With Highly Active AntiRetroviral Therapy (HAART), HIV-1 replication can be controlled to maintain a plasma level of viral RNA below detection by conventional means. However, the continued presence of silent HIV-1 proviral DNA in memory CD4+ T cells is a major barrier to the eradication of the virus in AIDS patients. Multiple mechanisms have been reported by which HIV-1 proviruses are maintained in a silent state in these cells. The major block to active viral replication is believed to be at the transcriptional level. However, viral RNAs can be detected in long-term HAART-treated patients by sensitive detection methods, suggesting that transcriptional control may not be the only mechanism underlying the maintenance of viral latency. This project now aims to understand the post-transcriptional control of HIV-1 gene expression mediated by three regulatory systems: the Nonsense Mediated Decay (NMD) system; a repressor of HIV translation (RVB2) which we have recently identified; and the Zinc- finger Antiviral Protein (ZAP) which silences and triggers degradation of many viral RNAs. We will specifically explore the possible role of each of these systems in the maintenance of HIV-1 latency. We will examine the levels of HIV-1 RNA and protein expression in CD4-positive memory T cells from HIV-1 infected patients after manipulating the functions of each of these regulatory systems using siRNA knockdown technology. Discovery of the major mechanisms controlling post-transcriptional regulation of HIV-1 gene expression is an essential first step toward the release of repression and the activation of viral replication. This activation will permit the detection of virus-infected cells y the immune system and facilitate the clearance of infected cells by therapies that target viral proteins expressed in and on the surface of memory T cells.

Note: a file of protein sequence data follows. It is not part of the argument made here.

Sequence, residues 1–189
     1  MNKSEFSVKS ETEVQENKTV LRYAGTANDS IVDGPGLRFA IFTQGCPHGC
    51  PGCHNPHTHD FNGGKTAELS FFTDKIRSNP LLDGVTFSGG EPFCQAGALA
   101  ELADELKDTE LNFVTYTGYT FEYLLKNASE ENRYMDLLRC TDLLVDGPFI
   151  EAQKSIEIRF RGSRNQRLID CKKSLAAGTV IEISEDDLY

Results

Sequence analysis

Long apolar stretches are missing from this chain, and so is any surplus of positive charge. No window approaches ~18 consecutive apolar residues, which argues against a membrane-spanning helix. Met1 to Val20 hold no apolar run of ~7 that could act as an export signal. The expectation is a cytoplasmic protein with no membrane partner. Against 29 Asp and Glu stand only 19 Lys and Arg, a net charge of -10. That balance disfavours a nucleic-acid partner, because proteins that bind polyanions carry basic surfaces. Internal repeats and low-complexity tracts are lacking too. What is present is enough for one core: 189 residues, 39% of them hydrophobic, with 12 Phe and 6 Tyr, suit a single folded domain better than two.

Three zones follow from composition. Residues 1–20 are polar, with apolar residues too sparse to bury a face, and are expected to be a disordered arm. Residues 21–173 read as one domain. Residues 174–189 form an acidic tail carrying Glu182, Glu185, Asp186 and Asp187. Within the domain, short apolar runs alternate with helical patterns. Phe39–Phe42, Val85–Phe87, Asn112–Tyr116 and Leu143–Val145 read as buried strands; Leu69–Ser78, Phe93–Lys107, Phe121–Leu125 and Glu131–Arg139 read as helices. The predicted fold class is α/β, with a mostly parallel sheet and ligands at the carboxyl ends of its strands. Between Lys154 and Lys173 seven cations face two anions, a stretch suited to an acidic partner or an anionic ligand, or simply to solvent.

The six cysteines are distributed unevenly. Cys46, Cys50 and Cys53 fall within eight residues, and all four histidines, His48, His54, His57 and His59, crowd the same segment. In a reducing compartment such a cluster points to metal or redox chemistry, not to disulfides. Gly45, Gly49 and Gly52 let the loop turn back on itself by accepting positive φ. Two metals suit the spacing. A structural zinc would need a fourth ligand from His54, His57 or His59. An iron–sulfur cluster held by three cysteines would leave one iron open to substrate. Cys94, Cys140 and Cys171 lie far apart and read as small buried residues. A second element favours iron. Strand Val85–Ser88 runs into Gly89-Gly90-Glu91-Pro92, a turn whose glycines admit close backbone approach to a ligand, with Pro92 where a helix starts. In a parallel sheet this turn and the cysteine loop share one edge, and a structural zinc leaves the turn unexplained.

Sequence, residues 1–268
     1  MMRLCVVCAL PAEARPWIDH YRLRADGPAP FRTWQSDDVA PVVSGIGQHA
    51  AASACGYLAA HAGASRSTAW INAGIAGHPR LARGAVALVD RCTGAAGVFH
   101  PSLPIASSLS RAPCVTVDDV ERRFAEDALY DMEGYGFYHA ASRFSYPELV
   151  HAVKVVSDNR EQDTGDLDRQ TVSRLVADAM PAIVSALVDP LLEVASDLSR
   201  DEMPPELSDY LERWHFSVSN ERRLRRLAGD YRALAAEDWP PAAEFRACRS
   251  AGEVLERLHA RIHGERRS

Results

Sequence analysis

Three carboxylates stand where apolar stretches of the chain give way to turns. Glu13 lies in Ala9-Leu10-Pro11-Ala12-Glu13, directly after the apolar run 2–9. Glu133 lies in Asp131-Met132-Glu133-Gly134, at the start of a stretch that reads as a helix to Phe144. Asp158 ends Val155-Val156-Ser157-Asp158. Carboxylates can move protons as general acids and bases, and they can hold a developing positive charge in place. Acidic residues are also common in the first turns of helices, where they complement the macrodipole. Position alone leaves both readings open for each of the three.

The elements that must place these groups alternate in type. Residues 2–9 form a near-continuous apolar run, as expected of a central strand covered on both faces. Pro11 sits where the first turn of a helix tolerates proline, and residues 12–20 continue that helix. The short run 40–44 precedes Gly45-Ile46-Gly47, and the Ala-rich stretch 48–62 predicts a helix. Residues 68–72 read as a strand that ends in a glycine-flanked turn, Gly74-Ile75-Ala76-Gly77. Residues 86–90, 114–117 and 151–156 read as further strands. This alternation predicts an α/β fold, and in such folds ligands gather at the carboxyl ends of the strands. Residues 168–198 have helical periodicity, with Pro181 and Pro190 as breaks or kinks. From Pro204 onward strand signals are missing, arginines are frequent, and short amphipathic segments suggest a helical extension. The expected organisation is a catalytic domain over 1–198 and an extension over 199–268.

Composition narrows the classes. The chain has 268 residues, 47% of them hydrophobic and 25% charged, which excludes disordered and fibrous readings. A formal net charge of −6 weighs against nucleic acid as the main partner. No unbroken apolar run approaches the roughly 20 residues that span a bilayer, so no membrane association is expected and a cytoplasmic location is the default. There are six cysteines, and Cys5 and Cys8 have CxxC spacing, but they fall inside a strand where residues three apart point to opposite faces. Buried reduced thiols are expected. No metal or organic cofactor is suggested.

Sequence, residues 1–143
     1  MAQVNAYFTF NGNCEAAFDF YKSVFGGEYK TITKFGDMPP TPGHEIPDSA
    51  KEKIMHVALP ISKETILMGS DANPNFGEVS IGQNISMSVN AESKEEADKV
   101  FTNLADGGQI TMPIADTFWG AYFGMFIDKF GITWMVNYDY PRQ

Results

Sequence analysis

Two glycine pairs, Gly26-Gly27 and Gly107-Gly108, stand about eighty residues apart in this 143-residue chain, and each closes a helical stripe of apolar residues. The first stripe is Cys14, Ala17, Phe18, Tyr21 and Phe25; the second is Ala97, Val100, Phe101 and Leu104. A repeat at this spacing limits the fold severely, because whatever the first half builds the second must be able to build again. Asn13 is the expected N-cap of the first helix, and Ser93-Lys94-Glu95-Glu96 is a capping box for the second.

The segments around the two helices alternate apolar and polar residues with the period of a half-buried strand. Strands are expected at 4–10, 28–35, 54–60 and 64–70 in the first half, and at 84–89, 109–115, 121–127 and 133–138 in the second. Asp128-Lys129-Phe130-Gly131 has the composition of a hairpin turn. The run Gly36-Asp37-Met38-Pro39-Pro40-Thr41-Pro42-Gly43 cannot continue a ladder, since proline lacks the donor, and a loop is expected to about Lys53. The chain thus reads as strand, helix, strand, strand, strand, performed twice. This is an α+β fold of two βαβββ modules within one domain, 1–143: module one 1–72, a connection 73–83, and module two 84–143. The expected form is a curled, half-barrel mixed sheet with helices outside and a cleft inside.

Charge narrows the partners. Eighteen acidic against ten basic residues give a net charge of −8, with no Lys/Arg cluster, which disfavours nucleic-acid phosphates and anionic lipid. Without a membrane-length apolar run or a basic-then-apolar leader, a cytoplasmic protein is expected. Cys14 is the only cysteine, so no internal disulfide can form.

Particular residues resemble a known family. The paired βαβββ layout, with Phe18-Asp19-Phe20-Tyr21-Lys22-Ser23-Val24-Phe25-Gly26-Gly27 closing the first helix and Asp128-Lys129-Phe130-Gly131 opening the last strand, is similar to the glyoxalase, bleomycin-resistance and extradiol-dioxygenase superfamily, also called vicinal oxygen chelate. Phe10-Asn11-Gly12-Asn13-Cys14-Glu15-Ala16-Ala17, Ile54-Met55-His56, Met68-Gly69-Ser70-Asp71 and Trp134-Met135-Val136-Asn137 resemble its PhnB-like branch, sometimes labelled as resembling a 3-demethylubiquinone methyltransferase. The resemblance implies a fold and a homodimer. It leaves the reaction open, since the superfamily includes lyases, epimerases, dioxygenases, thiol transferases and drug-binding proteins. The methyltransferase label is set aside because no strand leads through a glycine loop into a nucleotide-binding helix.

Public Health Relevance

The experiments described in this proposal are aimed at understanding the mechanisms by which HIV-1 DNAs remain latent in resting T cells in infected patients, constituting a source for the re-emergence of replicating virus upon interruption of antiviral therapies. The work will seek to characterize post-transcriptional mechanisms of silencing of HIV-1, and develop inhibitors of these mechanisms. The successful completion of this project will provide a path for the activation of virus from latency and the eventual clearanc of these viral reservoirs from infected patients.

National Institute of Health (NIH)
National Institute of Allergy and Infectious Diseases (NIAID)
Research Project (R01)
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Special Emphasis Panel (ZAI1)
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Kuo, Lillian S
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Columbia University (N.Y.)
Schools of Medicine
New York
United States
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